Magic mushrooms should be rescheduled in Britain to treat depression, top doctors have said.
Leading experts have called for a change in the law to allow ‘shrooms’ to be used in a similar way as medicinal cannabis.
But they said recreational use would remain illegal, with Brits caught in possession of the Class A drug facing a jail-term of up to seven years.
Scientific studies have repeatedly shown psilocybin — the psychoactive chemical in magic mushrooms — has promise in boosting mental health, fighting off depression and helping PTSD sufferers.
Leading experts have called for a change in the law to allow ‘shrooms’ to be used in a similar way as medicinal cannabis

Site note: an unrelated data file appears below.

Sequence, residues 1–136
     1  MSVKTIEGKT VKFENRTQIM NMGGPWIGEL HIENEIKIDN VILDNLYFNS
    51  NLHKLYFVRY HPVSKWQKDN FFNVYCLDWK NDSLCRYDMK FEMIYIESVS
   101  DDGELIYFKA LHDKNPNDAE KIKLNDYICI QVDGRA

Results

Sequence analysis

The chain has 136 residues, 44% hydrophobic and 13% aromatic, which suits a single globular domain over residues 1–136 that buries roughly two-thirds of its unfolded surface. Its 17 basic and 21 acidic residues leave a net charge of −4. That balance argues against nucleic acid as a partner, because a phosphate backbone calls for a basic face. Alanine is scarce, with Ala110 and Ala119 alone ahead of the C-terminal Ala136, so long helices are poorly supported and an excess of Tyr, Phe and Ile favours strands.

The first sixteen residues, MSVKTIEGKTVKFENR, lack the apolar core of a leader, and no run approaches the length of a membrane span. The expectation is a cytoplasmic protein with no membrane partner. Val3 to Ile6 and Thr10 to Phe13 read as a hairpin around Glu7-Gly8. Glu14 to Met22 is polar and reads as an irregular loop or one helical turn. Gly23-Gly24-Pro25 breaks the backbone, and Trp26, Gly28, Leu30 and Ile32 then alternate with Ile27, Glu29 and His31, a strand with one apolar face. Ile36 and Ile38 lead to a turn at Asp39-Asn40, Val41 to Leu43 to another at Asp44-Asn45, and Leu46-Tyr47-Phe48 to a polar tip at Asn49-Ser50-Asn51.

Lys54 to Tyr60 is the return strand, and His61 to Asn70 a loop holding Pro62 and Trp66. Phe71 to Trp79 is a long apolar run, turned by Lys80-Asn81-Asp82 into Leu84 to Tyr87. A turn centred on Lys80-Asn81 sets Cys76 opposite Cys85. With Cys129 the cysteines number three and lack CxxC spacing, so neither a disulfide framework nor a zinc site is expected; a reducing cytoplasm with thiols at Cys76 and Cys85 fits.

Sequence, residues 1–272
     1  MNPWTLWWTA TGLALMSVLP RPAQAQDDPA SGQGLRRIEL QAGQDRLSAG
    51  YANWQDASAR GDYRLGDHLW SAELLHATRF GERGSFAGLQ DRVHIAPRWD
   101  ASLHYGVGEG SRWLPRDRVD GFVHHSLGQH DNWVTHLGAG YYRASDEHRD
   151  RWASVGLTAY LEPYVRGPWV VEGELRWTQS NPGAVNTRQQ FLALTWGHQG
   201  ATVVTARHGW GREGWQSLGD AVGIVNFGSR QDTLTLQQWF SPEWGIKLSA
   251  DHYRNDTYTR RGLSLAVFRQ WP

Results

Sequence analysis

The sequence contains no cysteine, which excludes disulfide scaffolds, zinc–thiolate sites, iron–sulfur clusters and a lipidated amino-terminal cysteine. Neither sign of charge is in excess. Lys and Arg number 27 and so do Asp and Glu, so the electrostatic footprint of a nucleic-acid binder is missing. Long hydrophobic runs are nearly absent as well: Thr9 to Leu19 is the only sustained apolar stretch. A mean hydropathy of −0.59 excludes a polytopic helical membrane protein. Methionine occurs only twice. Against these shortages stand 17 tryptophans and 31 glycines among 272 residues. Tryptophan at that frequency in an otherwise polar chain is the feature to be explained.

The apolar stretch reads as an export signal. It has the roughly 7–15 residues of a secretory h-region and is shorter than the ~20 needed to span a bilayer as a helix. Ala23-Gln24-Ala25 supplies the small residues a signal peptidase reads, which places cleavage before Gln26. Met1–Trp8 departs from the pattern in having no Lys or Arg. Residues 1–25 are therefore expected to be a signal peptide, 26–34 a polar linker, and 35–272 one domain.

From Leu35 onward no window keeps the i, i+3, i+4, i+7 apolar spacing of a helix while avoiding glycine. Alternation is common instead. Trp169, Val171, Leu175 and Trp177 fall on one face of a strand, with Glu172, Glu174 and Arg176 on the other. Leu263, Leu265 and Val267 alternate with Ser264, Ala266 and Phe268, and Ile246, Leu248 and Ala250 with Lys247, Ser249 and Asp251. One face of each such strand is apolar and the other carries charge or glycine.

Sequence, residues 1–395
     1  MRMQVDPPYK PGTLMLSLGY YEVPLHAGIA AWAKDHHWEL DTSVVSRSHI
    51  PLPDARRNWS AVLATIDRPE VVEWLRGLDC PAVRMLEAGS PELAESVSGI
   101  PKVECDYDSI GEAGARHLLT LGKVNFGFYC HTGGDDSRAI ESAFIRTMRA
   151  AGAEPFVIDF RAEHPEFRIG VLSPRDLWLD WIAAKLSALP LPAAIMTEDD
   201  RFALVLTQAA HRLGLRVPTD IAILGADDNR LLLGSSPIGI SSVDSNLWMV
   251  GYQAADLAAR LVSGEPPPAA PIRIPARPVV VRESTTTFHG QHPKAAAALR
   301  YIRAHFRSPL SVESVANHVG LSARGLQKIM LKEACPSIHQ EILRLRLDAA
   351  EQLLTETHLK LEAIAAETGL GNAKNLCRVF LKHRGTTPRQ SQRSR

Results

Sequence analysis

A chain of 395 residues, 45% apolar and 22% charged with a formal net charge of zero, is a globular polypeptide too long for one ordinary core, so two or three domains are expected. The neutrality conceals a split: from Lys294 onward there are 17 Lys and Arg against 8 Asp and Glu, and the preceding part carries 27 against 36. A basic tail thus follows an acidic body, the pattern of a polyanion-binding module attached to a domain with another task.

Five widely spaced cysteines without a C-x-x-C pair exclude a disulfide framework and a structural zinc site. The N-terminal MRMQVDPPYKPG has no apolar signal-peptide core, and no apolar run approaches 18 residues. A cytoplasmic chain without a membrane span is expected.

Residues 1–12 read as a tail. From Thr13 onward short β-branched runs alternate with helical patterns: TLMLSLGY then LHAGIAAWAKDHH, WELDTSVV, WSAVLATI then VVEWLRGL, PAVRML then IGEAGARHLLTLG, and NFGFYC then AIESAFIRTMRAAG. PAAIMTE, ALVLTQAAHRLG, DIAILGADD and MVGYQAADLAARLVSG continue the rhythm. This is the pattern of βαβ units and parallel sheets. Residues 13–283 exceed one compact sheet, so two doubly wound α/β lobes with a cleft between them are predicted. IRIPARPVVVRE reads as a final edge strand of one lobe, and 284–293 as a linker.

Experts from Oxford, Manchester and King’s College London universities have called for magic mushrooms to be rescheduled.
Psilocybin is currently listed as a Schedule 1 substance, meaning it’s thought to have no medicinal value and therefore cannot be legally possessed or prescribed.
But the group say moving the substance to Schedule 2 on a research-only basis will enable the ‘sorely needed exploration of fresh mental health treatments’.
Schedule 2 drugs, such as ketamine and cannabis, are those that can be prescribed and supplied by doctors and pharmacists.
But rescheduling it on a research-only…